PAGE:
The Family Kitchen Garden: How to Plant, Grow, and Cook Together
By Karen Liebreich, Jutta Wagner, and Annette Wendland.
I found this to be a good guide for anyone interested in growing their own fruits and vegetables. It's written in a simple language and covers most of the basics. A true novice, as in someone who lived in the city all their life, might be overwhelmed with some of the info. But over all I think it's a great place for a young gardener to start out. It's better to have the info than not after all.
The first 51 pages are devoted to defining terms and discusses issues like children in the garden. They discuss assorted soil types, how to improve it, composting and so on. Propagation is covered, namely the difference between seeds, division and cuttings, that sort of thing. So these are all things every gardener should know.
The next 100+ pages are probably the most useful. It's a month by month list of what to plant inside, what to plant outside, what to harvest, what maintenance needs to be done, what fun craft things can be done, and even offers a recipe or two. I haven't tried any of the crafts but they're casual little things I could see people doing. They're geared towards garden things like simple bird feeders and plant labels.
What to plant and when seems to be in order, though this book is based in the UK which strangely enough has a climate more similar to the southern US. For those of you living in USDA growing zone 6 and up I'd say do things a month late. Those of you in zone 4 and up give it two months and so on as conditions allow. They're at least in some sort of an order after all.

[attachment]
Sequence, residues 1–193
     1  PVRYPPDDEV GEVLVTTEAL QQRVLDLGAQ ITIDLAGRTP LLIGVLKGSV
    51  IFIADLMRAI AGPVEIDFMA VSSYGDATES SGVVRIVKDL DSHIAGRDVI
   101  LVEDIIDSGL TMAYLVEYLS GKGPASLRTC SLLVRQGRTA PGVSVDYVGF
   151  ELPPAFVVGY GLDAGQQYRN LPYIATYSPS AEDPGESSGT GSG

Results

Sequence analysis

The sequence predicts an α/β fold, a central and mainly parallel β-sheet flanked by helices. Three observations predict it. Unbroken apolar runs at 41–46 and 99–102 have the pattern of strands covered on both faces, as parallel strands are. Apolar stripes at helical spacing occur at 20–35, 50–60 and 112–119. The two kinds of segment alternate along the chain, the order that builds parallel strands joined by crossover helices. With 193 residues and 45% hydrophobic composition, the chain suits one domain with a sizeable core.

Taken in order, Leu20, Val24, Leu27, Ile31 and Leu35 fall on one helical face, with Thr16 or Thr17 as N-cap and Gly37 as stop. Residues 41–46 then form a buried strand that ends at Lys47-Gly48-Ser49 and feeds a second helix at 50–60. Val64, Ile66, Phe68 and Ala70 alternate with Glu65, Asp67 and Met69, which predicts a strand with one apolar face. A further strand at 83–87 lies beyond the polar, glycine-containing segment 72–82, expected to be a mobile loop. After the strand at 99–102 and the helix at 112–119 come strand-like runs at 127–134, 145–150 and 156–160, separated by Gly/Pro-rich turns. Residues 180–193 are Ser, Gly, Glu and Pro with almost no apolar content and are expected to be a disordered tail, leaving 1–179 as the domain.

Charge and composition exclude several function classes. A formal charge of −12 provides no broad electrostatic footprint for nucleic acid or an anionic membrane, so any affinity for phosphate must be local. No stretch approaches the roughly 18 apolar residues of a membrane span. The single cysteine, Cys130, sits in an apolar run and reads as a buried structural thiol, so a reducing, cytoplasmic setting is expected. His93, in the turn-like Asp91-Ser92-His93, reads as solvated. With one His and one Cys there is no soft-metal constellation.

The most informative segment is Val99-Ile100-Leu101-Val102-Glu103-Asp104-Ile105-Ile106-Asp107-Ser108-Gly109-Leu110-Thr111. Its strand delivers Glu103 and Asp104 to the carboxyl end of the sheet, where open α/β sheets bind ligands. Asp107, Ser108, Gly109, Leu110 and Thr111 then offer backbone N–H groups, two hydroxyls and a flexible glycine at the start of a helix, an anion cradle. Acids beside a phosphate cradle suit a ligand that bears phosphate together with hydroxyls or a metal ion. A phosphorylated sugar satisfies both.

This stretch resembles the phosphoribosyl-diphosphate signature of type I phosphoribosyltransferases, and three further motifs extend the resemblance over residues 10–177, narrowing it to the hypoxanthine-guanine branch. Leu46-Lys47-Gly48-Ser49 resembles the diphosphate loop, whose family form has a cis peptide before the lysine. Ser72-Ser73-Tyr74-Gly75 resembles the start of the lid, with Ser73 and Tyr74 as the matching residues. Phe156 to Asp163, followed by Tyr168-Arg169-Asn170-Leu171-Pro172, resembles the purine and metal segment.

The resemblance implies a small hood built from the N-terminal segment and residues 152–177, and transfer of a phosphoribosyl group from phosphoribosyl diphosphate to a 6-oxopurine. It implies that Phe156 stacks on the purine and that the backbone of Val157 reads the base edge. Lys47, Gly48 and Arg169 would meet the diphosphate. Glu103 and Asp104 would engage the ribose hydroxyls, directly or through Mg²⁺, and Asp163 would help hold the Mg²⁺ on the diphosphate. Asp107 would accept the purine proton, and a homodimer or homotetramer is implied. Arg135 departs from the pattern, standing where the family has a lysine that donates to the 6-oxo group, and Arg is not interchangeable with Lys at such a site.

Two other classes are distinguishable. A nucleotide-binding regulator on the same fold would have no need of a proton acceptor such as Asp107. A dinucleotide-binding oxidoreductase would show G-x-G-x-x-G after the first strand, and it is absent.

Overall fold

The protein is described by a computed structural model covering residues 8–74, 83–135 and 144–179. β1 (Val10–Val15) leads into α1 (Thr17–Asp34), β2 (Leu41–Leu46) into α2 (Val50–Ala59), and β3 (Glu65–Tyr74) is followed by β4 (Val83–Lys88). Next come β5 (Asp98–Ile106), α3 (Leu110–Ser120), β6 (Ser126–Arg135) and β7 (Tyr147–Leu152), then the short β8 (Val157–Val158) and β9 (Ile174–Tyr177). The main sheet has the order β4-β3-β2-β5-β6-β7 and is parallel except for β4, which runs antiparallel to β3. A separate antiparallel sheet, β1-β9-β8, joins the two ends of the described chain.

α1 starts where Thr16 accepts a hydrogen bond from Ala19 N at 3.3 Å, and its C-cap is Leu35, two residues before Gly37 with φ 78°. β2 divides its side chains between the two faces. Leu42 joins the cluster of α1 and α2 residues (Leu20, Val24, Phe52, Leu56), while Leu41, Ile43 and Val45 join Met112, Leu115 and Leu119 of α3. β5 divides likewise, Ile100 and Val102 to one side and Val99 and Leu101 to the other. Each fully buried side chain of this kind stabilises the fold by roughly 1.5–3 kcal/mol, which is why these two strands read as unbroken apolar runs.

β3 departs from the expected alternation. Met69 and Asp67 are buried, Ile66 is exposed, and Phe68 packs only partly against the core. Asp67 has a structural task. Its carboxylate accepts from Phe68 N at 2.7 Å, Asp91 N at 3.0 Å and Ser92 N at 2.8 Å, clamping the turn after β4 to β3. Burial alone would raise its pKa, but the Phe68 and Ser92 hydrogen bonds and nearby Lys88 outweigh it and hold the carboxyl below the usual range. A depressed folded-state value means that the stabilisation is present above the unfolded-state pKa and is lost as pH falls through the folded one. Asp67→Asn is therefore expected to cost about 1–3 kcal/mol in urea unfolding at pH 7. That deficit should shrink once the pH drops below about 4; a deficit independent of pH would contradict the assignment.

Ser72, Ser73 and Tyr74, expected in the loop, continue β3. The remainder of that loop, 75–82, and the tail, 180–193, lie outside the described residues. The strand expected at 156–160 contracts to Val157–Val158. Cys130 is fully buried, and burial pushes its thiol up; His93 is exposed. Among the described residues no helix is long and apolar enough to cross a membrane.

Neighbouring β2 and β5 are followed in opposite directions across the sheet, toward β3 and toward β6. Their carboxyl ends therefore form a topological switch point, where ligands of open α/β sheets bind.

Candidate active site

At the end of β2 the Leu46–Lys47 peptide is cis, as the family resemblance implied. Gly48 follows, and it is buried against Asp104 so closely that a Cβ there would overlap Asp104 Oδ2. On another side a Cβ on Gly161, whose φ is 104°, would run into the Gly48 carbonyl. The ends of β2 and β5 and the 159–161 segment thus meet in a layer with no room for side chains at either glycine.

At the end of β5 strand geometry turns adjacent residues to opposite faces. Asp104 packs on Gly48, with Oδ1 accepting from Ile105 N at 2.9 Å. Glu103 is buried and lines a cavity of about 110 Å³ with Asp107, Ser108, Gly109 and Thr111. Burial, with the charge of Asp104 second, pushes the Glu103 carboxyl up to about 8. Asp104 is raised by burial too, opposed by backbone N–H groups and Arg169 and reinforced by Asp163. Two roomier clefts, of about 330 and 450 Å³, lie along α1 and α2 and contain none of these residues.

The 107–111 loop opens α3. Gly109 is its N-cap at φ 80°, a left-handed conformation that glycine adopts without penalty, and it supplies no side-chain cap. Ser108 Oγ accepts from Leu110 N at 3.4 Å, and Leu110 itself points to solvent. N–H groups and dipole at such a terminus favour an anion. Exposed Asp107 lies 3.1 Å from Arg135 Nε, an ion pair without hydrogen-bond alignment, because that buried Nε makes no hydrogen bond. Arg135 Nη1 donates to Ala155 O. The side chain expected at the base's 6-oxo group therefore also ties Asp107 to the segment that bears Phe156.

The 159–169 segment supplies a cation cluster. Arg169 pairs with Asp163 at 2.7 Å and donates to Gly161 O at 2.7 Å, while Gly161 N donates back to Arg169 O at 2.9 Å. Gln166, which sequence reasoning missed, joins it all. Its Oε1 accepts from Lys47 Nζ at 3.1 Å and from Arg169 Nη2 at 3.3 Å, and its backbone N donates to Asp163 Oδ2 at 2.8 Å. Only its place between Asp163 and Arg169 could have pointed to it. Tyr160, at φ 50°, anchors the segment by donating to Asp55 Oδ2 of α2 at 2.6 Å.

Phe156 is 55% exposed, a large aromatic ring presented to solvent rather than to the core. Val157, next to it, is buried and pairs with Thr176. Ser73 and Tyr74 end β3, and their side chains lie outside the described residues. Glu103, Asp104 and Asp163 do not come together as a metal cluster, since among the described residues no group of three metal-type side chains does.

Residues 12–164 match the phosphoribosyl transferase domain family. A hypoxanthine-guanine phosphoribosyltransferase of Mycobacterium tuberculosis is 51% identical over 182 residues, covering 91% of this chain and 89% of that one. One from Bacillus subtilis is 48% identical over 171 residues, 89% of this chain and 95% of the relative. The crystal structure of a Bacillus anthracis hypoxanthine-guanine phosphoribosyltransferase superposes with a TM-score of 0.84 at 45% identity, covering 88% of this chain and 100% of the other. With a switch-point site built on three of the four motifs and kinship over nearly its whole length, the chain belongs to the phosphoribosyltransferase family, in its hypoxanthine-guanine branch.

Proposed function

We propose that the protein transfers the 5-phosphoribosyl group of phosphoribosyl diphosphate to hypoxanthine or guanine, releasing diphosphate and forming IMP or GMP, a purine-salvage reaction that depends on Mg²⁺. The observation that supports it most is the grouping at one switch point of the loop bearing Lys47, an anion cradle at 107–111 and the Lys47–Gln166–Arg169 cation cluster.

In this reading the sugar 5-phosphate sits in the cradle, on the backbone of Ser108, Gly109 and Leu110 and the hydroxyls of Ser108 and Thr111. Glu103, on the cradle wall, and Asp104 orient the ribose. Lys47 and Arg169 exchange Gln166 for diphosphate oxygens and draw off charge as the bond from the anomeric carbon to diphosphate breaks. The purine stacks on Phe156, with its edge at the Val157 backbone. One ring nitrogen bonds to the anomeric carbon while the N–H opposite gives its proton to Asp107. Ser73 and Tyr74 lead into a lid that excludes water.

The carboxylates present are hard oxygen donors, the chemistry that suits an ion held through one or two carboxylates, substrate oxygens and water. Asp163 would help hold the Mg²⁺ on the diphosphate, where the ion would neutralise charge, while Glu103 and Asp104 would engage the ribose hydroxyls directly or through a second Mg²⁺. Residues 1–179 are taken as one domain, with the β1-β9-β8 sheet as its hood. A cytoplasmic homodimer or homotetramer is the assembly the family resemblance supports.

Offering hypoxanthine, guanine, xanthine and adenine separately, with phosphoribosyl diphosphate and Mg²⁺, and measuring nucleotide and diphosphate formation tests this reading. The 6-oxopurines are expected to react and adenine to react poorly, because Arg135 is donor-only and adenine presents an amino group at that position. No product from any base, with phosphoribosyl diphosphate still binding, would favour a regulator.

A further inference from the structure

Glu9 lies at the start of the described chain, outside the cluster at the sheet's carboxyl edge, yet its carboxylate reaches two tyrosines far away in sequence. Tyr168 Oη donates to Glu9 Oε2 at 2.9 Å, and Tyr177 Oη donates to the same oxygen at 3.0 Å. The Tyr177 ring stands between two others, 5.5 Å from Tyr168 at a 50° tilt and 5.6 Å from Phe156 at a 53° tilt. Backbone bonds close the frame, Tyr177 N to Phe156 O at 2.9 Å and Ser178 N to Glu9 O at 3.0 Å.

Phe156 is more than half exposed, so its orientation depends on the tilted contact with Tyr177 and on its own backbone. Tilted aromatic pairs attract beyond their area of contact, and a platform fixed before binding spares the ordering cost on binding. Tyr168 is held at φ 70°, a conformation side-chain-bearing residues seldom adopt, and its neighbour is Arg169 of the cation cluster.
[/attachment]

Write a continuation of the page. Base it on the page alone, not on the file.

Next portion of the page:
Recipes I haven't tried because a lot of them call for things I don't grow, like rhubarb. Most months only have 1 recipe, some have 2; and they all lean towards vegetarian. One has shrimp in it though. To their benefit they all seem easy to prepare, but I feel as if the authors missed an opportunity to really make this book shine. I would have loved if they'd thrown in a few easy to prepare proteins and sauce recipes to show how flexible cooking can be, and how interchangeable some items are on the dinner plate. But this is a gardening book and perhaps that's a topic for another tomb.
The last third of the book is a dictionary of plants. Simple things like apples, borage, mint, tomato, squash and so on are all categorized here. How to grow, how to propagate, what varieties are available (though limited), and what types of pests they get can all be found here. The only notable omission from the normal things we grow seems to be water melon. Corn is found under "S" for Sweet Corn. But what it lacks here it makes up for with some obscure plants like gooseberry, currant, and parsnips. Though they're not really obscure I'd say not everyone is growing them. Fruiting trees are also covered, as are the convenient ways to train the branches so even people with small yards can grow them. Herbs and Flowers (some of which are edible) are the last bit.
So I would recommend this book to a friend or even gift it to a new gardeners.